```{r}
get_annual_returns <- function(stock.returns) {
stock.returns %>%
tq_transmute(select = adjusted,
mutate_fun = periodReturn,
type = "log",
period = "yearly")
}
```
Let's test `get_annual_returns` out. We now have the annual log returns over the past ten years.
```{r}
AAPL_annual_log_returns <- get_annual_returns(AAPL)
AAPL_annual_log_returns
```
Let's visualize to identify trends. We can see from the linear trend line that AAPL's stock returns are declining.
```{r}
AAPL_annual_log_returns %>%
ggplot(aes(x = year(date), y = yearly.returns)) +
geom_hline(yintercept = 0, color = palette_light()[[1]]) +
geom_point(size = 2, color = palette_light()[[3]]) +
geom_line(linewidth = 1, color = palette_light()[[3]]) +
geom_smooth(method = "lm", se = FALSE) +
labs(title = "AAPL: Visualizing Trends in Annual Returns",
x = "", y = "Annual Returns", color = "") +
theme_tq()
```
Now, we can get the linear model using the `lm()` function. However, there is one problem: the output is not "tidy".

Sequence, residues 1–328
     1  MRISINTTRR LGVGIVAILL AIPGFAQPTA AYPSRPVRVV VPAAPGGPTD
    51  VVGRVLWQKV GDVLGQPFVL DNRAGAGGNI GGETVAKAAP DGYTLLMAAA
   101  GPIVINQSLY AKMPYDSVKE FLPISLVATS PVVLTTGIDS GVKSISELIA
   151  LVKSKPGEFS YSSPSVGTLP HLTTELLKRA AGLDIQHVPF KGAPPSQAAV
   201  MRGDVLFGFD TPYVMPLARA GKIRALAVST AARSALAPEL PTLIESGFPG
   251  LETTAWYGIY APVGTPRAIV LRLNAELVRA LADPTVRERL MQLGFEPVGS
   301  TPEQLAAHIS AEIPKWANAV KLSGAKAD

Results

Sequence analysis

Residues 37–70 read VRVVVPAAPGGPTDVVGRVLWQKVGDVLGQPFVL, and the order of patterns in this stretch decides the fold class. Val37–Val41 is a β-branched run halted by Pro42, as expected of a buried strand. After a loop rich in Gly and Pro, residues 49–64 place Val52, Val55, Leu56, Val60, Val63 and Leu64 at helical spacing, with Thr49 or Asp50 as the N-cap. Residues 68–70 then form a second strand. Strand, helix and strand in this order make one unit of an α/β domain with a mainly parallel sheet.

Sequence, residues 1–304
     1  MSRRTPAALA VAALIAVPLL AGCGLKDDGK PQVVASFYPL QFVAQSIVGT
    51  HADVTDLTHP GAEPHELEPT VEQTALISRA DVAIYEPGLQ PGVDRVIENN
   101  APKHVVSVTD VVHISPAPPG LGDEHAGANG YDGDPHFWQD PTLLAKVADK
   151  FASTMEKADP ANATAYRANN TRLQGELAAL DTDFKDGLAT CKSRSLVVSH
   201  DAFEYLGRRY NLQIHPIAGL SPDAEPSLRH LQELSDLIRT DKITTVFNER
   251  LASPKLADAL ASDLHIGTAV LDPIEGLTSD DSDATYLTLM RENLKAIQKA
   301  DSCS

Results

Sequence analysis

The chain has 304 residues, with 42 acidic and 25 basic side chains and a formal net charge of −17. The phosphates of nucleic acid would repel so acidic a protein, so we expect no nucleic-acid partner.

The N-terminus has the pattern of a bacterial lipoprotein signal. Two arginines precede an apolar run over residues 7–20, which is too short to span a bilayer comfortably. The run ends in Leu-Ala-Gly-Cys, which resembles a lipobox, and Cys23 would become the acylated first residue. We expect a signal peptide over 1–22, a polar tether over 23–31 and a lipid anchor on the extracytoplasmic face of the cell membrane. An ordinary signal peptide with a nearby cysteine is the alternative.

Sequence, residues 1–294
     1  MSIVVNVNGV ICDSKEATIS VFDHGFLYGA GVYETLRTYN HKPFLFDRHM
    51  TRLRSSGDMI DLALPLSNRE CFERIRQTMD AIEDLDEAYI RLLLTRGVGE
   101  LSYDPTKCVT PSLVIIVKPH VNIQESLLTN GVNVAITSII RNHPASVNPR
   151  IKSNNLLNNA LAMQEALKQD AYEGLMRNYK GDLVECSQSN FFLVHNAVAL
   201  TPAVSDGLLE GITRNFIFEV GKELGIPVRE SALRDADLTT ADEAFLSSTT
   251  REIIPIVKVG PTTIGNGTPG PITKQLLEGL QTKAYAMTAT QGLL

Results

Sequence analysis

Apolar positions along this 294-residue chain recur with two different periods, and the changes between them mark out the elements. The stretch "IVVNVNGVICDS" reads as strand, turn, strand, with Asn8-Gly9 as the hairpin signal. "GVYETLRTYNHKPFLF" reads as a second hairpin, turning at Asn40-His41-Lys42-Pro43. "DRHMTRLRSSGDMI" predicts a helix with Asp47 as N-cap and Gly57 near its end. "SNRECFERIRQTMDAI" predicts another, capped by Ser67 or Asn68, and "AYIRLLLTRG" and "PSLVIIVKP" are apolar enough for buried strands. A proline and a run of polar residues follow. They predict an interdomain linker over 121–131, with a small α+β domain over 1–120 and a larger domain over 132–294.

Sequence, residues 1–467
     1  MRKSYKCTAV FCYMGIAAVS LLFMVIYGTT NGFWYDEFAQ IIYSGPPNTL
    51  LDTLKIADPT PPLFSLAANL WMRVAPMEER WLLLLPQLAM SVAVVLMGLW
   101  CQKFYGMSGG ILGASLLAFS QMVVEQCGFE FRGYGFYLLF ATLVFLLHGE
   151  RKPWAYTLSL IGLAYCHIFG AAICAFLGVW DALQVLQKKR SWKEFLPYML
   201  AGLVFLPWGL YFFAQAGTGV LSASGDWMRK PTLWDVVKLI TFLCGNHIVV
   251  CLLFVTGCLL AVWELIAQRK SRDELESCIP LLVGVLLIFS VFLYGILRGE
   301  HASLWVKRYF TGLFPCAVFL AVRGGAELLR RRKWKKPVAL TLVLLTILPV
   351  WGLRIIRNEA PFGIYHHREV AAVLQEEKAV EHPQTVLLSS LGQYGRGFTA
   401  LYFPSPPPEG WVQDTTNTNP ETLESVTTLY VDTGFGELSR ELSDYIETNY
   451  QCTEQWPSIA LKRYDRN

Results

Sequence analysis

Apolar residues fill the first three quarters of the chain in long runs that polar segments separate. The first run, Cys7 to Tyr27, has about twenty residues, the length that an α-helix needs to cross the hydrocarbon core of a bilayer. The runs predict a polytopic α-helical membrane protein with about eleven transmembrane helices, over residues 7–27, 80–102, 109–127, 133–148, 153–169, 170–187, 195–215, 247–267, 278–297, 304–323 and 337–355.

```{r}
mod <- lm(yearly.returns ~ year(date), data = AAPL_annual_log_returns)
mod
```
We can utilize the `broom` package to get "tidy" data from the model. There's three primary functions:
1. `augment`: adds columns to the original data such as predictions, residuals and cluster assignments
2. `glance`: provides a one-row summary of model-level statistics
3. `tidy`: summarizes a model's statistical findings such as coefficients of a regression
We'll use `tidy` to retrieve the model coefficients.
```{r}
library(broom)
tidy(mod)
```
Adding to our workflow, we have the following:
```{r}
get_model <- function(stock_data) {
annual_returns <- get_annual_returns(stock_data)
mod <- lm(yearly.returns ~ year(date), data = annual_returns)
tidy(mod)
}
```
Testing it out on a single stock. We can see that the "term" that contains the direction of the trend (the slope) is "year(date)". The interpretation is that as year increases one unit, the annual returns decrease by 3%.
```{r}
get_model(AAPL)
```